Earth Defense Force 2025 Review Preview

When will the aliens learn? It doesn’t matter how much more advanced their technology is than ours, or whether they attack us from the stars or from deep under the surface of our own planet. They can never hope to defeat us, because we have one weapon whose sheer might they can never overcome: the indomitable human spirit. As it turns out, though, all those assault rifles, rocket launchers, and other weapons we have lying around come in pretty handy, too. Like its predecessors, Earth Defense Force 2025 is a gleefully destructive romp in which you use powerful weaponry to kill aliens and to lay waste to city blocks, all in the name of saving humanity.

Those city blocks don’t look the way we expect environments in games to look in this era of sophistication and refinement; like the laughable special effects in many of the alien invasion movies that clearly served as EDF’s inspiration, everything seems cheap. Appendages of giant insects poke through level geometry, and trees, once knocked over, blink out of existence. But then, there’s absolutely nothing sophisticated or refined about Earth Defense Force 2025. You can’t say that its chintzy graphics are an asset, but they’re not quite the detriment that they’d be in many games, because every aspect of EDF 2025 wholeheartedly embraces the series’ B-movie inspirations. The giant insects and massive enemy spacecraft recall the low-budget monster movies and sci-fi flicks of the 1950s, so when you hear the voice actors hamming it up with every cheesy line, their goofy delivery works to support everything else about the game.

You start each mission by selecting one of four classes, then outfitting your chosen defender of Earth with weapons from the arsenal of firearms you’ve collected in earlier outings. If you’re playing solo, the well-rounded ranger is usually the best choice, since the other three classes function better as support than as one-person armies. Air raiders can summon vehicles and handle the targeting of missiles, mortars, and the like, but don’t have very effective weaponry for defending themselves in the frantic skirmishes that are so common in EDF. Fencers are the most heavily armored and can wield the heaviest weapons but lack the mobility of the other classes. By contrast, the mobility of the wing divers, who use their jetpacks to leap and soar about the city, makes them fun to control, but they’re also the most vulnerable class. (Unlike the well-protected, all-male ranger, air raider, and fencer units, the all-female wing diver unit has to wear skimpy, revealing armor; that’s the only way to make it light enough for them to fly in! It makes perfect sense!)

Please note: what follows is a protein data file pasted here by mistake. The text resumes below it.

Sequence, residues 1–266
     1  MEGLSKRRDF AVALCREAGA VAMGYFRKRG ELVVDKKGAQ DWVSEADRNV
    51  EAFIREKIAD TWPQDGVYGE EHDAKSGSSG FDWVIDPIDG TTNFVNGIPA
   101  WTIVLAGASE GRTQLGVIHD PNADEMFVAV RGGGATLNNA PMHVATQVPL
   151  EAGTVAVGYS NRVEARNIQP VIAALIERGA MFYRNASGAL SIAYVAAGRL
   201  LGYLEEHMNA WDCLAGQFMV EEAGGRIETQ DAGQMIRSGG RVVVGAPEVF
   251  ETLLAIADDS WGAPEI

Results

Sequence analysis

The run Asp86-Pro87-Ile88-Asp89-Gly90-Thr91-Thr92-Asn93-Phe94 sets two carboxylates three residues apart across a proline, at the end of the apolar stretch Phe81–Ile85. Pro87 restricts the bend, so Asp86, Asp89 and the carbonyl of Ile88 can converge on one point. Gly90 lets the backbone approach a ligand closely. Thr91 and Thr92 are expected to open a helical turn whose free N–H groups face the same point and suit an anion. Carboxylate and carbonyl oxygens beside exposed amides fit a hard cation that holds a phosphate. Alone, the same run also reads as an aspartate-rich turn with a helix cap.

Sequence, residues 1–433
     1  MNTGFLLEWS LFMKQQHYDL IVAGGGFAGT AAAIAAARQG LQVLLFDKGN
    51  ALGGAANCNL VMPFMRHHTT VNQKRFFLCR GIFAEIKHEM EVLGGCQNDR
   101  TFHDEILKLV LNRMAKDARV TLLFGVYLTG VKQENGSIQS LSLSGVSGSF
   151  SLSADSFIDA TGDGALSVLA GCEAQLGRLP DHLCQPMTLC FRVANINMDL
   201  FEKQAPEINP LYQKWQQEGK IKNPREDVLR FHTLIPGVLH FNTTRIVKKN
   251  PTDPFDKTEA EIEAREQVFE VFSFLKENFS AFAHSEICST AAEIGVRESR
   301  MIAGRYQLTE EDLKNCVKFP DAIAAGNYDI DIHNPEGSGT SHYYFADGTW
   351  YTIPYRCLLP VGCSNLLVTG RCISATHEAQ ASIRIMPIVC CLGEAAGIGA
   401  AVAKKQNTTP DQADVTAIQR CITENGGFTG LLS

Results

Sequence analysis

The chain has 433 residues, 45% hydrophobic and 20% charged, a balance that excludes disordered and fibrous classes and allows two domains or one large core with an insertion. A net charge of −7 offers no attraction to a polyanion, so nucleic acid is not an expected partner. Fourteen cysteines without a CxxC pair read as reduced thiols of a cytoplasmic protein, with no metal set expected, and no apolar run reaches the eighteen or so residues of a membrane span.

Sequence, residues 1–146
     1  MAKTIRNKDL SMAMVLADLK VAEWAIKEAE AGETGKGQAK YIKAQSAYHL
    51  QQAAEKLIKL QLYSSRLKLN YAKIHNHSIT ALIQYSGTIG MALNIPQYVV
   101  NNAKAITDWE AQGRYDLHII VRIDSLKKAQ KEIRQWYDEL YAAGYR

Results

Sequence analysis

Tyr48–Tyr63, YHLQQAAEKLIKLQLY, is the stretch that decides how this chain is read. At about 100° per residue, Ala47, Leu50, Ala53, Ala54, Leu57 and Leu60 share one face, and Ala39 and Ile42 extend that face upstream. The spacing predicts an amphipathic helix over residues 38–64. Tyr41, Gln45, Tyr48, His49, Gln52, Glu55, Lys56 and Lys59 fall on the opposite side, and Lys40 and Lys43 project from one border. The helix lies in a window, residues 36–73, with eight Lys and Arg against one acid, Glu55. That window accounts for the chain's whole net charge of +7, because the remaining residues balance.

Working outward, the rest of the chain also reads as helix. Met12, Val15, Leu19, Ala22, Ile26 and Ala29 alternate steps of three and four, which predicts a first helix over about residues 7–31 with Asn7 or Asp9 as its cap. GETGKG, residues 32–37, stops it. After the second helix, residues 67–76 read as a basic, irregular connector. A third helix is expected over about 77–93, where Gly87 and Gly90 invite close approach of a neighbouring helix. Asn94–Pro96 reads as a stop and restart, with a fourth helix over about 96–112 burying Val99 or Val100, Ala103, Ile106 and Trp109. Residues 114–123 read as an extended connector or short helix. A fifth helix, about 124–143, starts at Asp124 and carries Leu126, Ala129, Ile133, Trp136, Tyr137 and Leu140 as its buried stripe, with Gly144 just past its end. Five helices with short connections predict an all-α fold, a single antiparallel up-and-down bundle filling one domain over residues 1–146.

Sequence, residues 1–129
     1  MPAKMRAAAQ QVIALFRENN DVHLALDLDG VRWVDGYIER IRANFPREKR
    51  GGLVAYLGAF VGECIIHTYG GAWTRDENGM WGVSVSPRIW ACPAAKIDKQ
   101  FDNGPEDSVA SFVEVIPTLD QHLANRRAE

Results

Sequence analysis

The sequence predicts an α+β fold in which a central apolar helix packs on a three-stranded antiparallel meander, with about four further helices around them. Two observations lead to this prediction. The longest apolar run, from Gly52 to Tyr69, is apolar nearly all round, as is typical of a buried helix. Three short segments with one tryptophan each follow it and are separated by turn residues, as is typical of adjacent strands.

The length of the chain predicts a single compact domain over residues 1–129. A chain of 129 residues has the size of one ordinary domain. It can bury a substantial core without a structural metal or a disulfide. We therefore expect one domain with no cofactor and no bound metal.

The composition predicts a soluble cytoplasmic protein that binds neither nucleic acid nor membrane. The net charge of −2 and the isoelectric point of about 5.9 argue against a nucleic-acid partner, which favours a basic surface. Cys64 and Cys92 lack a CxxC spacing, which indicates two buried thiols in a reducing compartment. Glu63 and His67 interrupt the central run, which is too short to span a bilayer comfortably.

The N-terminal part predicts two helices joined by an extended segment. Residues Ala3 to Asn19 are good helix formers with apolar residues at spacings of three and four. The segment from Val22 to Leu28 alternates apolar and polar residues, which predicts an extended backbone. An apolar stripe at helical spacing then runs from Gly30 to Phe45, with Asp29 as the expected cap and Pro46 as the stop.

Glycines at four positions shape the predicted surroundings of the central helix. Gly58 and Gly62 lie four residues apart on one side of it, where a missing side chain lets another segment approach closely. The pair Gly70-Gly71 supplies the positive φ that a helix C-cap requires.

No matter which class you choose, your goal is the same: slaughtering slews of giant insects or destroying the spaceships and robots of the alien invaders’ armada. As a solo player, it’s fun to mindlessly mow down tons of huge, skittering ants, and even though the graphics are rudimentary, the sheer scale of some of the larger enemy ships means that it’s still impressive to see them come crashing earthward and then explode in a tremendous ball of flame after you’ve fired that last rocket into their glowing core.

Even though none of your opponents require much strategy to deal with, the variety of your attackers helps stave off a sense of repetition, and as you progress, you keep acquiring new, more effective weapons to take with you into battle. However, the simplicity of the game’s silly, large-scale combat–initially an asset–becomes a detriment as the game drags on across 80-plus missions, and you’ll have had your fill of defending Earth long before Earth has been successfully defended.

Oh, the carnage! Oh, the humanity! Oh, the graphics!

The appeal of EDF is increased significantly when you play with others, both because most classes function best in a supporting role and because there’s so much more opportunity for unpredictable comedic mayhem when there are four of you than when there’s just one. You might be minding your own business and gunning down some giant spiders when one of your comrades “accidentally” drives a tank right into a building and brings it crashing to the ground. Or you can work together, combining your destructive might to turn that row of buildings into rubble. After all, who’s going to complain about a little collateral damage once you’ve saved humanity from extinction?

The fact that you can revive your teammates when they go down in multiplayer also makes it preferable to playing solo. It’s frustrating in single-player to be several minutes into a mission only to be crushed under the leg of a gigantic walking fortress and have to start the battle all over again. EDF 2025 gives you a number of ways to play multiplayer, letting you do local split-screen co-op with one other player, or hop online by yourself or with a friend playing on the same console. There’s also a two-player versus mode, but it’s hardly worth your time; the entire appeal of EDF is in slaughtering aliens and destroying cities.

The simple mechanics don’t lend themselves to the long-haul, 80-mission-plus campaign. This is the video game equivalent of a mindless and enjoyable popcorn flick, not a captivating epic. Even if the shallow action can’t sustain the game for its entire length, EDF 2025 is committed enough to its vision of cheesy, B-movie-flavored destruction to be fun for a while, particularly with a few friends in tow.

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